It was invention born of necessity that inspired him to utilize items that were available to him, like bed springs and beer keg rings, to create resistance exercise equipment for his patients. These were the unlikely beginnings of the equipment we use today, like the reformer and the magic circle.
Joseph Pilates developed his work from a strong personal experience in fitness.
Unhealthy as a child, Joseph Pilates studied many kinds of self-improvement systems. He drew from Eastern practices and Zen Buddhism, and was inspired by the ancient Greek ideal of man perfected in development of body, mind and spirit. On his way to developing the Pilates Method, Joseph Pilates studied anatomy and developed himself as a body builder, a wrestler, gymnast, boxer, skier and diver.
After WWI, Joseph Pilates briefly returned to Germany where his reputation as a physical trainer/healer preceded him. In Germany, he worked briefly for the Hamburg Military Police in self-defense and physical training. In 1925, he was asked to train the German army. Instead, he packed his bags and took a boat to New York City.
On the boat to America, Joseph met Clara, a nurse, who would become his wife. He went on to establish his studio in New York and Clara worked with him as he evolved the Pilates method of exercise, invented the Pilates exercise equipment, and of course, trained students.
Joseph Pilates taught in New York from 1926 to 1966.
During that time, he trained a number of students who not only applied his work to their own lives but became teachers of the Pilates method themselves. This first generation of teachers who trained directly with Joseph Pilates is often referred to as the Pilates Elders. Some committed themselves to passing along Joseph Pilates work exactly as he taught it. This approach is called “classical style” Pilates. Other students went on to integrate what they learned with their own research in anatomy and exercise sciences.
Joseph Pilates’ New York studio put him in close proximity to a number of dance studios, which led to his “discovery” by the dance community. Many dancers and well-known persons of New York depended on Pilates method training for the strength and grace it developed in the practitioner, as well as for its rehabilitative effects. Until exercise science caught up with the Pilates exercise principles in the 1980s and the surge of interest in Pilates that we have today got underway, it was chiefly dancers and elite athletes who kept Joseph Pilates’ work alive.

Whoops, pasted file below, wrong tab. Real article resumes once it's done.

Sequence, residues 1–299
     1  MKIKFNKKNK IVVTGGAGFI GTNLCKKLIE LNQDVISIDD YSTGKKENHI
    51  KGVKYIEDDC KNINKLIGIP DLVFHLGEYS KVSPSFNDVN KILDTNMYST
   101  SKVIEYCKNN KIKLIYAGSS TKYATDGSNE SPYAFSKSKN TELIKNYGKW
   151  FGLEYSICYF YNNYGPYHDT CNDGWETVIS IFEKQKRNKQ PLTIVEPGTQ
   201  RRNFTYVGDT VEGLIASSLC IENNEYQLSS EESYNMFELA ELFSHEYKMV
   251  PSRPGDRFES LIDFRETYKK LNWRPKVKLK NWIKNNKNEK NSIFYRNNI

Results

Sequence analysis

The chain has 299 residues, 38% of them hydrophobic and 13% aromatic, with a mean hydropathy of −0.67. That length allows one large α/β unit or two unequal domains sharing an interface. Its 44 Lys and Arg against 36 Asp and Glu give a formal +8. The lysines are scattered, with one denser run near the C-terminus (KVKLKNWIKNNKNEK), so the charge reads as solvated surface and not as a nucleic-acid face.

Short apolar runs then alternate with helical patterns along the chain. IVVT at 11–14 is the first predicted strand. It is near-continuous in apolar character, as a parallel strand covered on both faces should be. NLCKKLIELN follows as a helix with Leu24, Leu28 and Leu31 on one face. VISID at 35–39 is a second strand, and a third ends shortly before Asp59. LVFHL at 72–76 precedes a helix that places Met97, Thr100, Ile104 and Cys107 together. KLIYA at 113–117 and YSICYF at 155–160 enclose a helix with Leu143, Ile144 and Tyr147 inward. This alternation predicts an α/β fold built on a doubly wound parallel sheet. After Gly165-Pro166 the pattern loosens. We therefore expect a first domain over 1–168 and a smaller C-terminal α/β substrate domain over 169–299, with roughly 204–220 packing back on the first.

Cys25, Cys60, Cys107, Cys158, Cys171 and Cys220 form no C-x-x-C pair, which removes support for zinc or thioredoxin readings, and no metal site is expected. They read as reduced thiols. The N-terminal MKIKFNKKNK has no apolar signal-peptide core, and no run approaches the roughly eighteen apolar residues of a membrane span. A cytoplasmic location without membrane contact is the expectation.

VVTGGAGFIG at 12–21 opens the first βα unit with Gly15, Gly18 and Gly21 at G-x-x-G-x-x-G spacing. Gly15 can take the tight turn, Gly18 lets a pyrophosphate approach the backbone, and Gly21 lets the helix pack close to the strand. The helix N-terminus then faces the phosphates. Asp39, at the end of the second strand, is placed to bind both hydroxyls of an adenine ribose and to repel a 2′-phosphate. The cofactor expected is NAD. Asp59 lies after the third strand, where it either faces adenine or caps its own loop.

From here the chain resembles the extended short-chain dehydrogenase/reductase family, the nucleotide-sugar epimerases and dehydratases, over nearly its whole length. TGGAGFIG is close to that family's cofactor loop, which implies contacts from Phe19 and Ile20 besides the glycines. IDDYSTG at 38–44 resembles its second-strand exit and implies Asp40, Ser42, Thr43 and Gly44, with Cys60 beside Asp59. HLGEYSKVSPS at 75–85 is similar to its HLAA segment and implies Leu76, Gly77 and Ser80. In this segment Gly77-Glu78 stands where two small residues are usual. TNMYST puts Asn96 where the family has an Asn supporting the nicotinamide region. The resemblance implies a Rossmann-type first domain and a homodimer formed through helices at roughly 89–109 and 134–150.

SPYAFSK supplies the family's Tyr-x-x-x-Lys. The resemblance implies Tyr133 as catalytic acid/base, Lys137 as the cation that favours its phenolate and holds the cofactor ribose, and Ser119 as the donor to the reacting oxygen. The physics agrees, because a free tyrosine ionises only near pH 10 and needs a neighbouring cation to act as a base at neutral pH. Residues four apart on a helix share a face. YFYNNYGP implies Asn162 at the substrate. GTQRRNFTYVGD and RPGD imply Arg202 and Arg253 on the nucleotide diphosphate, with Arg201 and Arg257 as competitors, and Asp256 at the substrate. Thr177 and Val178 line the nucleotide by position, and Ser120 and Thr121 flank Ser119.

Joseph Pilates passed away in 1967. He had maintained a fit physique throughout his life, and many photos show that he was in remarkable physical condition in his older years. He is also said to have had a flamboyant personality. He smoked cigars, liked to party, and wore his exercise briefs wherever he wanted (even on the streets of New York). It is said that he was an intimidating, though deeply committed, instructor. Clara Pilates continued to teach and run the studio for another 10 years after Joseph Pilates death. Today, Joseph Pilates legacy is carried on by the Pilates Elders, and by a large group of contemporary teachers.
What are some Pilates fundamental exercises I can do at home?
This is a set of deceptively easy exercises. They are exercises that teach the basic movement principles upon which Pilates exercises build. Pilates is a “functional fitness” method. That means that these principles translate directly into better posture and graceful, efficient movement in everyday life.
Use these Pilates fundamental moves to open any workout routine. They establish torso stability, pelvic stability, abdominal engagement, good alignment, and greater range of motion for the limbs.
1. Starting Position – Constructive Rest – Neutral Spine
The exercise we do to find neutral spine is a press of the lower back into the floor (creating a flat back), then a release of the spine into a small arch. Between these two points is a place where the 3 curves of the spine are in their natural position. This will be the start position from which we will do the rest of this set of fundamental exercises.
The Basic Move:
Lie on your back with your arms by your sides. Your knees are bent and your legs and feet are parallel to each other, about hip distance apart.
Exhale and use your abs to press your lower spine into the floor.
Inhale to release.
Exhale and pull your lower spine up, creating a small arch of the low back.
Inhale to release.
2. Head Nod
Head nod is an extension of the lengthening of the spine that we go for in Pilates. It is an integral part of the many Pilates exercises that articulate the spine in forward bends and rolling exercises.
Begin in the start position.
Inhale to lengthen the spine and tilt the chin down toward the chest. Your head stays on the mat.
Exhale to return to the neutral position
Inhale to tip the head back a little bit
Exhale to return to the neutral position
3. Arms Over
Arms over is about keeping our alignment as the torso is challenged by the arms moving overhead. It also helps us increase our range of motion in the shoulders.
The Basic Move:
From the start position, inhale to bring the fingertips up to the ceiling.
Exhale to bring the arms down toward the floor behind you.
Inhale to bring the arms up again.
Exhale to release to the floor.
Keep the abs engaged.
Do not let the movement of the arms effect the alignment of your ribs.